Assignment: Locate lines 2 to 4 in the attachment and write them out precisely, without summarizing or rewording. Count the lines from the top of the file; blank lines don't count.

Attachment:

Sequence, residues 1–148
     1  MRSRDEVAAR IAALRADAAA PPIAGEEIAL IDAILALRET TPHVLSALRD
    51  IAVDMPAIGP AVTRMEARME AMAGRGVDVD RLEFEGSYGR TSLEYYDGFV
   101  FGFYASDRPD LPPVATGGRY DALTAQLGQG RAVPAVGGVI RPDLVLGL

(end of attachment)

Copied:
     1  MRSRDEVAAR IAALRADAAA PPIAGEEIAL IDAILALRET TPHVLSALRD
    51  IAVDMPAIGP AVTRMEARME AMAGRGVDVD RLEFEGSYGR TSLEYYDGFV
   101  FGFYASDRPD LPPVATGGRY DALTAQLGQG RAVPAVGGVI RPDLVLGL